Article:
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Develop a Routine
I recently asked one of my mentors—a longtime administrator with a university—his secret to success. He replied saying that it’s probably because he’s “routinized.” He does pretty much the same activities at the same time every day.
So how does having a routine lead to success?
My belief is that successful people incorporate into their daily routine activities that will directly lead to the achievement of goals. And they do these things over and over and over again invoking the Law of Accumulation. Successful writers—even if they have day jobs—make sure they write something every day.
I have certain routines/rituals now, however this is because I have children and I learned early on that children thrive when their lives are structured. Watch an episode of Super Nanny and you’ll see that the first thing the nanny does after observing a family for awhile is to put in place house rules and other structures—not only for the benefit of the children, but for the adults in the household as well.
I know that it takes about two hours to get the children up and off to school in the morning and two and a half hours to cook dinner, check homework, schedule future events, sign permission slips etc in the evenings.
The one routine I do for my own edification is to put together a to-do list on a weekly basis (usually on Sunday) and then I consult this master list a few times a day all week long. I do not, however, have any set time that I check the list. And when it comes to executing the work on the list I can’t tell you how much time I spend on anything. I’m not sure how much I check email or my Facebook account during the day or when I check them. I know that I write every day but have no idea for how long. I run errands, but who knows how long I spend on this activity.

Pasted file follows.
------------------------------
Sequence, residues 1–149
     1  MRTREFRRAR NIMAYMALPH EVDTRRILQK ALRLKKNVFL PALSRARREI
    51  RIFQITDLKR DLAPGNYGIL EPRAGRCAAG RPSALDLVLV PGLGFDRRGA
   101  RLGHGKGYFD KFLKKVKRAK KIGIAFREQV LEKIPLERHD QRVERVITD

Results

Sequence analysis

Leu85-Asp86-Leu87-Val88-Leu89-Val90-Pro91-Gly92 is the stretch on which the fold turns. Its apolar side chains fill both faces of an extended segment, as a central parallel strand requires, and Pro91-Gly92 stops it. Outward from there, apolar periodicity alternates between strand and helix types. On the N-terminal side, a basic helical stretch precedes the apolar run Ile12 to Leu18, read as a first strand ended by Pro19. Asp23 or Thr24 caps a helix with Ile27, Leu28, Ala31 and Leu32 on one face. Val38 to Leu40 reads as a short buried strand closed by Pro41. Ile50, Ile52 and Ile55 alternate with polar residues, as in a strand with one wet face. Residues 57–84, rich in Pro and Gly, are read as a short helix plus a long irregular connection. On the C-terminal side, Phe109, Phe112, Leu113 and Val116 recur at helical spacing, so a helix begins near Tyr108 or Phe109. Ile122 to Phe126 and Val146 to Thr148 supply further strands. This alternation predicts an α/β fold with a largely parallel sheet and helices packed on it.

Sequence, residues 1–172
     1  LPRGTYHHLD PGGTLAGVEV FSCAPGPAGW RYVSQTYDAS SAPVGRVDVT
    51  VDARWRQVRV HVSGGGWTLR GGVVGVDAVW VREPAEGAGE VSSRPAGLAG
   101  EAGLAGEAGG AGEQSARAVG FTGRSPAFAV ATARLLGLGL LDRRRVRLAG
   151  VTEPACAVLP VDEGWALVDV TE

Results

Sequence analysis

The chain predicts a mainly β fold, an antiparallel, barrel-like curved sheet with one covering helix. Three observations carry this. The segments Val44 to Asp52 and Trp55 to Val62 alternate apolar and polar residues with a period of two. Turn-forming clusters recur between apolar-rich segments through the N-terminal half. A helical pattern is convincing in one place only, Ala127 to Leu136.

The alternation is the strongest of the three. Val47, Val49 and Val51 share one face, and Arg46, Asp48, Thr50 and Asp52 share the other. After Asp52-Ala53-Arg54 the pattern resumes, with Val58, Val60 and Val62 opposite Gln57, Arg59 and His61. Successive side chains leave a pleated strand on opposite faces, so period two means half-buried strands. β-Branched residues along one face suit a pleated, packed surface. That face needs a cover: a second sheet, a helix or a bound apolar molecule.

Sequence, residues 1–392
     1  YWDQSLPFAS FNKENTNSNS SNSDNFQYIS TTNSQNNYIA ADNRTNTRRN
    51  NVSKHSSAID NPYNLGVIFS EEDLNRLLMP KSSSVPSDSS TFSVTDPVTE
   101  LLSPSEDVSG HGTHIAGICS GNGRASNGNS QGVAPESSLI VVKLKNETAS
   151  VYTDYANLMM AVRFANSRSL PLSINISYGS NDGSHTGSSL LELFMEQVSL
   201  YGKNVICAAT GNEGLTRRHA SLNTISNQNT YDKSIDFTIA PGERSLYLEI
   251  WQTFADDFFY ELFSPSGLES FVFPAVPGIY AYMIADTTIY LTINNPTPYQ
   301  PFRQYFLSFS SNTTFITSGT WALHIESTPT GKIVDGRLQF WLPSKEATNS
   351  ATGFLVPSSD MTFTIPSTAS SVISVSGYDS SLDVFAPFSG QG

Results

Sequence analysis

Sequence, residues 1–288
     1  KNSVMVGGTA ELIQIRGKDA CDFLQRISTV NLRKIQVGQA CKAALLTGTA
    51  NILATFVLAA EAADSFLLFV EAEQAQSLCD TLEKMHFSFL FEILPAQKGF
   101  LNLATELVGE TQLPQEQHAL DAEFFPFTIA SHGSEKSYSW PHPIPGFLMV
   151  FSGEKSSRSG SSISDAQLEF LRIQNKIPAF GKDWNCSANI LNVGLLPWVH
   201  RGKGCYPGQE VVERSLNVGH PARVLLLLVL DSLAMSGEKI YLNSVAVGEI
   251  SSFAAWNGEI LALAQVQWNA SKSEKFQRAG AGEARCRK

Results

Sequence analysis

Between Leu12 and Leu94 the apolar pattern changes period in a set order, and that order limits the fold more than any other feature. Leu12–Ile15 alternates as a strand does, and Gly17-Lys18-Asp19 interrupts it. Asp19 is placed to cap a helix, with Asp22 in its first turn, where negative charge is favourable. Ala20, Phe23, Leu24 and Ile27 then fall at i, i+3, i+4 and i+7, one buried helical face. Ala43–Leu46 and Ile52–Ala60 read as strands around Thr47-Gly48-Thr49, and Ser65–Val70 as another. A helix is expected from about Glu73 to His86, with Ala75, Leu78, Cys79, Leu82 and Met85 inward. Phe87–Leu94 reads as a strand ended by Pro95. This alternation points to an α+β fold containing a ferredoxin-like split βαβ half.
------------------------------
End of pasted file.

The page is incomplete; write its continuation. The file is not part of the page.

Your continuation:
I’d like to change the random parts of my days. I’m hopeful that if I can put together and follow an unrushed, stress-free routine for my children, I can also put one together for myself.
A structured life can help to alleviate stress according to experts. “Much worry results from unstructured living and thinking habits,” say the authors of Harvard Business School Press’ Managing Stress, a title I borrowed from the library.
So what are the things I can structure? According to Managing Stress, anti-anxiety agents include lists, reminders, schedules, rules, budgets. These “are all methods of structuring your life for your own benefit.”
To master my time, I first have to take inventory to find out where I’m currently spending my time. I can figure this out by keeping a time log. This is a technique I read about in a book I purchased years ago called The Organized Executive by Stephanie Winston.
The time log is a daily diary where you track your activities in fifteen minutes intervals. Sounds quite tedious, but it’s a must if I really do want to incorporate more success routines and rituals into my work life. Winston provides a time log template in the book. I could enlarge and copy but I decided to look for something cool on the web to track my time. I decided on Toggl.com, which is compatible with my Google account. As soon as I signed up a clock started ticking and I kicked into high gear. This is just what I need to remind me that my time is valuable.
My goal is to routinize my writing so I know how much quality work I can produce in a week. Next I’ll put together an exercise routine and so on. Of course I’ll report my progress back here. So stay tuned.
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